Melasma is a benign condition where dark patches of discoloration form on skin that is exposed to the sun. This pigmentation is caused by excessive levels of melanin.
Melasma occurs more commonly in women, especially during pregnancy. For this reason, it is referred to as the “mask of pregnancy.”
It is important to understand the causal processes involved behind the scenes, so to speak. There are many treatment options available. However without the right level of understanding, it would be difficult to determine which ones make sense.
CAUSES OF MELASMA
Like many other skin issues, melasma is caused by a genetic predisposition. In other words, instances of the condition often run in families. Also with identical twins, the occurrence of brown macules will occur in both siblings.
This genetic predisposition governs the physiological conditions that dictate the way skin responds to sun exposure.
Fluctuations in the levels of estrogen and progesterone, for example are concurrent with the manifestation of melasmic macules.
Melanin comes from specialized structures within skin cells called meloncytes. They become extremely active when the skin is exposed to the sun and produce high concentrations of melanin.
TREATMENTS FOR MELASMA
Because melasma is a pigment disorder, it is important for treatments to address the condition at the level of melanin, present in the epidermis and the dermis.
Hydroquinone is a topical cream, available by prescription, that decreases the activity of the biochemical process involved in producing the melanin. The standard concentration of effectiveness is 2-4%.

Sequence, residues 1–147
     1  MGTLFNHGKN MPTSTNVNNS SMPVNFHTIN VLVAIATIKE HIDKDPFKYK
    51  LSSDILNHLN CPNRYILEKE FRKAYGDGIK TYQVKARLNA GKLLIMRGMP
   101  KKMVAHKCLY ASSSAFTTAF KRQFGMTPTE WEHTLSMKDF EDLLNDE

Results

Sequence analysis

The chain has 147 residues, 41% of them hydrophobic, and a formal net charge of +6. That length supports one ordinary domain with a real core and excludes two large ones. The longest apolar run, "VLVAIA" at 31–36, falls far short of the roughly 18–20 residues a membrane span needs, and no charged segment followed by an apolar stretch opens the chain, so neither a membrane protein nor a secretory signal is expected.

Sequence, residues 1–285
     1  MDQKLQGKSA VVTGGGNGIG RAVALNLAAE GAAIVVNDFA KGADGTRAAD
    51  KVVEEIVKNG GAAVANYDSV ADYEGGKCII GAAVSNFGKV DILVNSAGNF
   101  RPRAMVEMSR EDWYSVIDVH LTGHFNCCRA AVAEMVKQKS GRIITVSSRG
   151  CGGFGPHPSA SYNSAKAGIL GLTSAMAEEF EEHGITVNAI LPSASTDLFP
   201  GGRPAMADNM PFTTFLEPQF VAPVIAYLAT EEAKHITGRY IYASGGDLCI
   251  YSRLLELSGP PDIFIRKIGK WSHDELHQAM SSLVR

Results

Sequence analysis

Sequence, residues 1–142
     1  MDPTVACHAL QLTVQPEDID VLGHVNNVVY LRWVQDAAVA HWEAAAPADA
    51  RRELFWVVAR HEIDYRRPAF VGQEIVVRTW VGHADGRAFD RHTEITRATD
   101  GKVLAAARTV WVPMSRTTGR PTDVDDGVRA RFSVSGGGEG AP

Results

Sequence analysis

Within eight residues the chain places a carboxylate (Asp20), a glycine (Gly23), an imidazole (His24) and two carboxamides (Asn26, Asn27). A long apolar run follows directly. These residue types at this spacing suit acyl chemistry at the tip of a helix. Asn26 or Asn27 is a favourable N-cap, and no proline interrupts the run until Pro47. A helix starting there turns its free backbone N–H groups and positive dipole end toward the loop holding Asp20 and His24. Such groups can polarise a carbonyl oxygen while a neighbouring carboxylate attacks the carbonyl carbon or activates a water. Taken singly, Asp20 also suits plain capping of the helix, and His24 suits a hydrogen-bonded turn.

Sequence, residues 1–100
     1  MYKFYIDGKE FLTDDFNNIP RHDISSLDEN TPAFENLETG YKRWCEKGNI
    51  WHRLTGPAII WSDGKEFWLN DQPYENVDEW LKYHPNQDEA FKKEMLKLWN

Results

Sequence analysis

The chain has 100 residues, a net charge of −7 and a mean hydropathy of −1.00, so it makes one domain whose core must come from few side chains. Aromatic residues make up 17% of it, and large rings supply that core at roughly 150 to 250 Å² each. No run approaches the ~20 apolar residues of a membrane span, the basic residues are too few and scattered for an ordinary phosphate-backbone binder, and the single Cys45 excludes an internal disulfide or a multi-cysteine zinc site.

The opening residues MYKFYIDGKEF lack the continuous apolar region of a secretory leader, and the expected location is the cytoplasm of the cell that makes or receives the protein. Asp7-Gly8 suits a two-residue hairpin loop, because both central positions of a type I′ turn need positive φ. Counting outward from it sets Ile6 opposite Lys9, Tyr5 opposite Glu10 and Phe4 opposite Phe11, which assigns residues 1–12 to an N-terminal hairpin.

Cosmetic lasers can also address melasma by eradicating the structures within the skin cells containing the melanin. Examples include Fraxel Dual and Nd:YAG 1064 laser.
Intense Pulse Light is not considered to be a laser. Lasers use a single color or wavelength. IPL, on the other hand uses multiple wavelengths which also targets the melanosomes in the same way that lasers do. Because IPL is not a laser, it cannot reach the dermal layer below the skin’s surface. So it is only useful when the melanosomes are present in the epidermis.
Melasma occurs predominantly in women of all ethnicities. Although it may seem similar to freckles, melasma has a direct relationship to hormone levels. And while freckles are seen in individuals with fair skin, melasma is common among women with light brown skin tones. In addition to topical and treatments using lasers and light, it is important for individuals to use sunscreen, rated at 30+ SPF that protect against UVA and UVB radiation.
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